If your dog begins to limp, make sure to give him as much rest as possible and avoid long walks and exercise, as any further pressure on the defected leg could result in more serious damage.
Examine Toes and Pads
Look for thorns, nails, or redness between them. Check the pads for cuts or wounds, then check each toenail for breaks. Apply mild pressure to each toe and notice your dog's response. You will notice that dogs tend to pull their legs back when you touch a hurting area.
Check for Swelling
Swelling is a sign of inflammation, so if your dog’s foot is swollen, try alternating heat and ice packs to reduce the inflammation.
Avoid giving your pet any medications unless your vet prescribed them, as they may not be appropriate for your dog’s overall health condition.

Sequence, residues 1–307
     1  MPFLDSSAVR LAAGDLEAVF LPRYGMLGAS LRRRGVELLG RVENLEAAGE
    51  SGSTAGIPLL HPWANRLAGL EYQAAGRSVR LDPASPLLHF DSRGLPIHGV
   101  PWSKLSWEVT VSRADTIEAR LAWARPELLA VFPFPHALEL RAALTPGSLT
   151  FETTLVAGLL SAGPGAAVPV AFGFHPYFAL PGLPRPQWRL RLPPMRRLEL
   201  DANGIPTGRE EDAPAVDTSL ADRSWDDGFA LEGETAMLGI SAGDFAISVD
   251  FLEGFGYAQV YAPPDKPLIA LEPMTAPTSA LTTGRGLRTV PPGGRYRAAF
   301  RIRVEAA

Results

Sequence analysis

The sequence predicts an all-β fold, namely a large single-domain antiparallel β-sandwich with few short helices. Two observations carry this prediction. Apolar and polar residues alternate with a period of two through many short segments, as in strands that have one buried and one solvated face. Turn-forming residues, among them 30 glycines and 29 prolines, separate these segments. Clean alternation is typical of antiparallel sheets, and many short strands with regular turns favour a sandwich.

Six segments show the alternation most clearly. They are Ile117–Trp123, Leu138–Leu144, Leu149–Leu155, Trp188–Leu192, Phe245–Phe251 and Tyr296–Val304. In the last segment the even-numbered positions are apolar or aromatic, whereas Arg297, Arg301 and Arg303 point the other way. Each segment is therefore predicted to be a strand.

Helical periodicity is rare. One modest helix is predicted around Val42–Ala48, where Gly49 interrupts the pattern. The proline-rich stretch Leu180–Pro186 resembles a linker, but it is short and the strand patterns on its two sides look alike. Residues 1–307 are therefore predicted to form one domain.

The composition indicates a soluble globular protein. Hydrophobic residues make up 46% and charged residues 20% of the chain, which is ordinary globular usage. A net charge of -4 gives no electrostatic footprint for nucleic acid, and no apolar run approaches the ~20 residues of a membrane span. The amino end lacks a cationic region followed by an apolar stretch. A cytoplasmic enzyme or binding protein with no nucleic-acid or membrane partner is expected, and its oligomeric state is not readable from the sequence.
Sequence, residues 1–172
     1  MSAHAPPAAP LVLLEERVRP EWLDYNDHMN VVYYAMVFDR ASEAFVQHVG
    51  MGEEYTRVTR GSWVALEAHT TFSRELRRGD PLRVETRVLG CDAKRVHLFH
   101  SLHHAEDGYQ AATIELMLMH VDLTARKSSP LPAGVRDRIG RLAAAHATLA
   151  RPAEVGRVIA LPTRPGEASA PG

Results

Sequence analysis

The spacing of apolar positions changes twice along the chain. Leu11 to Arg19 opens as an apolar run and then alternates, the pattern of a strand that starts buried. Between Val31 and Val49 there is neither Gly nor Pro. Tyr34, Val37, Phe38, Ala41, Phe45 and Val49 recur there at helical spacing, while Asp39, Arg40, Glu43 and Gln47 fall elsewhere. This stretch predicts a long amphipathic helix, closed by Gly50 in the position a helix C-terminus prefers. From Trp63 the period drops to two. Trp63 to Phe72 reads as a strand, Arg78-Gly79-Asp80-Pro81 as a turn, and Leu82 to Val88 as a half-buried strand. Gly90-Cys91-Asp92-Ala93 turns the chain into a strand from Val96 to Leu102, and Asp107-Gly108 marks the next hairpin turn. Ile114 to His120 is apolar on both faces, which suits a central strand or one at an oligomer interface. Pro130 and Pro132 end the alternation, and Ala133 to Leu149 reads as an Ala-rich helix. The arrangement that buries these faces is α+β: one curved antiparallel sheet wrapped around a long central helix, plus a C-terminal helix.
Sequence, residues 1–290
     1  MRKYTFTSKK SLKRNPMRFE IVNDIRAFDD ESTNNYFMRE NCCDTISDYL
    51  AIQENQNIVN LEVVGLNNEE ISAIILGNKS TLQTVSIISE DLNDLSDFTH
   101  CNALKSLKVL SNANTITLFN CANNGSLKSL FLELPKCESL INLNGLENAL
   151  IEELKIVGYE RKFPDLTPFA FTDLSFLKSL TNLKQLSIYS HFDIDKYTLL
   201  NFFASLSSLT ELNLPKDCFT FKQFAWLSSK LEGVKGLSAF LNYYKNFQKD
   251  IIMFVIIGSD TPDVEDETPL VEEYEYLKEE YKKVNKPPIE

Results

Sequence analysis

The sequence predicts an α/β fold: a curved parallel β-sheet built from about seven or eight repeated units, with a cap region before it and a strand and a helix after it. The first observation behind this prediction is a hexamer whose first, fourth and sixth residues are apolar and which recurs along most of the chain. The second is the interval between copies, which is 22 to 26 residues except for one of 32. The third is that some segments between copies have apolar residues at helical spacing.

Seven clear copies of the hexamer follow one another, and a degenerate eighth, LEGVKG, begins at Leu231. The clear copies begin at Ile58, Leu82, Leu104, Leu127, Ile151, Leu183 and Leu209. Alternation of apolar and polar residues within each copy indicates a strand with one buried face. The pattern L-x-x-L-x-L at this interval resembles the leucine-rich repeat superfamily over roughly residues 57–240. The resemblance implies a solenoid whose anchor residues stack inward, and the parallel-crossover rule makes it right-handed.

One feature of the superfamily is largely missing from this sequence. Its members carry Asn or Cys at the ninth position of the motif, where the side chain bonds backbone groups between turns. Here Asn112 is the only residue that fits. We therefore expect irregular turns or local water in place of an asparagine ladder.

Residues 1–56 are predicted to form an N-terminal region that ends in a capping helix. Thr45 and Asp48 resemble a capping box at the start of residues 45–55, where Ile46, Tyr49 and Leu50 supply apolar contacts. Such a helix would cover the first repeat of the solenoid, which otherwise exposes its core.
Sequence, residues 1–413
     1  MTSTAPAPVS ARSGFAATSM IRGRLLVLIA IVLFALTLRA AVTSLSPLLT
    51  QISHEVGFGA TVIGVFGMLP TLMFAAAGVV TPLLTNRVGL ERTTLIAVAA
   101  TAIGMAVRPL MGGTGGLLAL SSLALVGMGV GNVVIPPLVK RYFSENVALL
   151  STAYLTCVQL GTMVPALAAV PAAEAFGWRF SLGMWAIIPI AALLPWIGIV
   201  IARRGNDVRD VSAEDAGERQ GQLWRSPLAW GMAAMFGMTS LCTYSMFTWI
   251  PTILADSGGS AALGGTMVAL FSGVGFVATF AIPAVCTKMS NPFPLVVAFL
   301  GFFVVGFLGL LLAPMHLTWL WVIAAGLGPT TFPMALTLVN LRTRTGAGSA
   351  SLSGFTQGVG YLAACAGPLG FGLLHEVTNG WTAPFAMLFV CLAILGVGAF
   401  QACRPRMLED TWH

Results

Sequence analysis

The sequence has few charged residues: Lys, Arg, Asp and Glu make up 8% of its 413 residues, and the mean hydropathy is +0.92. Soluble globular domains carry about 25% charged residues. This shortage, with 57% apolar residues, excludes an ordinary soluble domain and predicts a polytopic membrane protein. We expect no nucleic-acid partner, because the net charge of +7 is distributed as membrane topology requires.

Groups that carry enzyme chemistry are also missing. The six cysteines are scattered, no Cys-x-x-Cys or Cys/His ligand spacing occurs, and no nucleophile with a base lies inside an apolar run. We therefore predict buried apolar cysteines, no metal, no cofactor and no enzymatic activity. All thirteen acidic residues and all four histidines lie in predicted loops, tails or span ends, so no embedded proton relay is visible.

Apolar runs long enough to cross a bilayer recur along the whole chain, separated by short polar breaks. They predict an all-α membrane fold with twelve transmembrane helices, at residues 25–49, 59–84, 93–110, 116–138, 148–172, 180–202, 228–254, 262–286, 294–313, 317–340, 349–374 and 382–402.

Look for Other Signs and Symptoms
If your dog shows other symptoms like fever, sudden unwillingness to walk, bleeding, or broken bones, then you should head immediately to the nearest emergency veterinary hospital.
Monitor Your Dog at Home
If you believe that your dog's condition isn’t severe, you can monitor him yourself for up to 48 hours. However, if the limping persists, it's time to pay a visit to your veterinarian.
A Good Vet Is All You Need
Your veterinarian is the perfect candidate to figure out what's causing your dog's pain and how severe it is. He might even ask for further diagnostic tests, for example, neurological tests, blood tests, or x-rays, depending on the results of the physical examination.